Joe Perry admits that an excellent victory and performance at the Masters on Monday night against Stuart Bingham could not have come at a more timely moment.
The 42-year-old has a largely wretched record at the prestigious invitation event for the sport’s elite players, and matched the best run of his 26-year pro career by reaching the quarter-finals at Alexandra Palace – where he will take on Ding Junhui.
World No9 Perry, who won his first and to date only ranking title less than two years ago, has been through the kind of doldrums in recent months experienced by many players – struggling with motivation and practice, and irritated by inconsistency.
So Perry was as surprised as anyone by the two centuries and other breaks of 77 and 76 in an emphatic 6-1 win over the world No2 and former world champion.
And afterwards he went further, giving a fascinating insight into how the feats of forty-somethings Ronnie O’Sullivan, John Higgins, Bingham, Mark King and others are offering hope that the best days may still lie ahead for even seasoned pros.
Perry said: “They say it is a young man’s game, but I don’t believe so. There are a couple of outstanding young talents going in to every tournament, but it is always someone in their 30s or 40s that is favourite to win it.
“It gets harder as a life going round the world in your 40s and have a family, but in terms of winning tournaments I don’t see the current group of 40-year-olds being moved away too quick.
“I don’t know what it is…the experience coming through? The young talents still blow hot and cold, can beat anyone and then lose.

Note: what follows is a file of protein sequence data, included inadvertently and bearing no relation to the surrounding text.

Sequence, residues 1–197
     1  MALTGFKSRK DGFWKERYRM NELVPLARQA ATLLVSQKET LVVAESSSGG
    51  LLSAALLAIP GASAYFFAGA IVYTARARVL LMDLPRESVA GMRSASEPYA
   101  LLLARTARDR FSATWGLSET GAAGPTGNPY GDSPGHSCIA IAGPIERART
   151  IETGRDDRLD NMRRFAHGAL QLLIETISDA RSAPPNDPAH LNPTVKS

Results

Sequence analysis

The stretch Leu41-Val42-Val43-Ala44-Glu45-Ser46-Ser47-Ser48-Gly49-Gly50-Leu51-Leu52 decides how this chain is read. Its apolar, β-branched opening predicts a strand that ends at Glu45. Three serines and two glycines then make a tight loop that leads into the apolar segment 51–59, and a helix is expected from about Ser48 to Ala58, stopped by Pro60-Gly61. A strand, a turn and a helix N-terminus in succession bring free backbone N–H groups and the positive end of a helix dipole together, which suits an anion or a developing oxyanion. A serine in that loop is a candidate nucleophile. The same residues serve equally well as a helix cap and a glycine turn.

“The draw can sometimes open up in your favour, but if you can avoid the Trumps, the Selbys and the Robertsons then come the semi-finals it is anyone’s.
“I can still have hopes of winning a big one like the Masters. I won’t knock anyone’s achievements but Mark King has won a title recently; Stuart is always in contention; Mark Davis has just made 1 first 147, he is older than me. Why not?
“It is a game of snooker, it is not like we are running round at 100 miles an hour. I have always said it won’t be the standard that knocks me off my perch, it will be the desire to keep practising and travelling and putting the effort in.
“I was thrilled with my performance against Stuart, definitely one of my best of the season. It was totally unexpected, you never know when you hit form in this game.
“I was playing some of the worst snooker of my long career in the Championship League in Coventry recently, I didn’t get close to potting one and got hammered by everyone.
“So I came here thinking I don’t care what happens even if I lose 6-0, and it is amazing what happens when you take the pressure off and have no expectations.
“That is probably as good as I have played for a long time, since I beat Neil in China. The standard is so high now if you do get a chance you have to win the frame.
“A big win at the Masters is nice and stops some of the mad thoughts about not playing ever again, the winning feeling is great and can’t be replaced by anything else.
“I did fall out of love with snooker recently, it comes and goes over 26 years as I’m sure it does for anyone’s job. We don’t all have great days at work, and I am having one of those spells.
“The match against Ding is another great game but this is the Masters, what do you expect, it is the best players in the world.
“Ding’s scoring and cue ball control are his great strengths, when he is on it maybe only Ronnie has a better cue ball. He is pin-point with his positional play and hardly ever has to pot a difficult ball.”
Photograph courtesy of Monique Limbos